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Copernicus Publications on behalf of the European Geosciences Union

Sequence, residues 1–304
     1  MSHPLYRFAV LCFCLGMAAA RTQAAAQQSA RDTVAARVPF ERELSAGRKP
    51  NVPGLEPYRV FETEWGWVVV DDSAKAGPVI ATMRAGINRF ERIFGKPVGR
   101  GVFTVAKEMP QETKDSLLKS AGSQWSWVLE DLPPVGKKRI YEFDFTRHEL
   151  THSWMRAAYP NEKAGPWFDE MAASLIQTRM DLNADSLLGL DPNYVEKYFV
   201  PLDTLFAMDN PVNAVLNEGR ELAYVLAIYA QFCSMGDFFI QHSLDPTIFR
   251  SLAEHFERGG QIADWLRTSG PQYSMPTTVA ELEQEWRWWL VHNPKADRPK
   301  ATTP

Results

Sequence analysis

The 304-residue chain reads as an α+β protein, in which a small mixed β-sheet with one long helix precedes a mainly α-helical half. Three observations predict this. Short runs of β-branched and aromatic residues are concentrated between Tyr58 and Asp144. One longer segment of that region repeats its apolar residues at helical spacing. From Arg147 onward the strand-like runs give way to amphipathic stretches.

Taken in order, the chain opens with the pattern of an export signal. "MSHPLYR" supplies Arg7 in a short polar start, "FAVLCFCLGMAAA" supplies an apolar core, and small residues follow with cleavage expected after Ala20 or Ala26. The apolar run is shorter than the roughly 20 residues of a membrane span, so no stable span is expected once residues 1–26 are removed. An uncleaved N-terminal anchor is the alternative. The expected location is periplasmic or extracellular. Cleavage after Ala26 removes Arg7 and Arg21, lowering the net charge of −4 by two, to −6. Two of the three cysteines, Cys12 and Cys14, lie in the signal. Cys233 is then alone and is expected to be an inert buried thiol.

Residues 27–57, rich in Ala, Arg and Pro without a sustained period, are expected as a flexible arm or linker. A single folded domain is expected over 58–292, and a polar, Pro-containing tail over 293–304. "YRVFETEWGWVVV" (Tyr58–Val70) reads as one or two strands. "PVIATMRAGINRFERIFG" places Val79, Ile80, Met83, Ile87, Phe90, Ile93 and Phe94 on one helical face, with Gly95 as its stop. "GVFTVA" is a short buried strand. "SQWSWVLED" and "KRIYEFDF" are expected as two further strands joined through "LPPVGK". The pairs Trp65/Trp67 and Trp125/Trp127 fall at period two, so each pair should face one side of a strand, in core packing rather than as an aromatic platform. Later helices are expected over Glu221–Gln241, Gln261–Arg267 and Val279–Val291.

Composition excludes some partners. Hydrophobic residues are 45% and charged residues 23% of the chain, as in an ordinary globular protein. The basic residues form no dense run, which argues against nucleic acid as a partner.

When applied to remove climate model biases in precipitation, quantile mapping can in some settings modify the simulated difference in mean precipitation between two eras. This has important implications when the precipitation is used to drive an impacts model that is sensitive to changes in precipitation. The tendency of quantile mapping to alter model-predicted changes is demonstrated using synthetic precipitation distributions and elucidated with a simple theoretical analysis, which shows that the alteration of model-predicted changes can be controlled by the ratio of model to observed variance. To further evaluate the effects of quantile mapping in a more realistic setting, we use daily precipitation output from 11 atmospheric general circulation models (AGCMs), forced by observed sea surface temperatures, over the conterminous United States to compare precipitation differences before and after quantile mapping bias correction. The effectiveness of the bias correction is not assessed, only its effect on precipitation differences. The change in seasonal mean (winter, DJF, and summer, JJA) precipitation between two historical periods is compared to examine whether the bias correction tends to amplify or diminish an AGCM's simulated precipitation change. In some cases the trend modification can be as large as the original simulated change, though the areas where this occurs varies among AGCMs so the ensemble median shows smaller trend modification. Results show that quantile mapping improves the correspondence with observed changes in some locations and degrades it in others. While not representative of a future where natural precipitation variability is much smaller than that due to external forcing, these results suggest that at least for the next several decades the influence of quantile mapping on seasonal precipitation trends does not systematically degrade projected differences.



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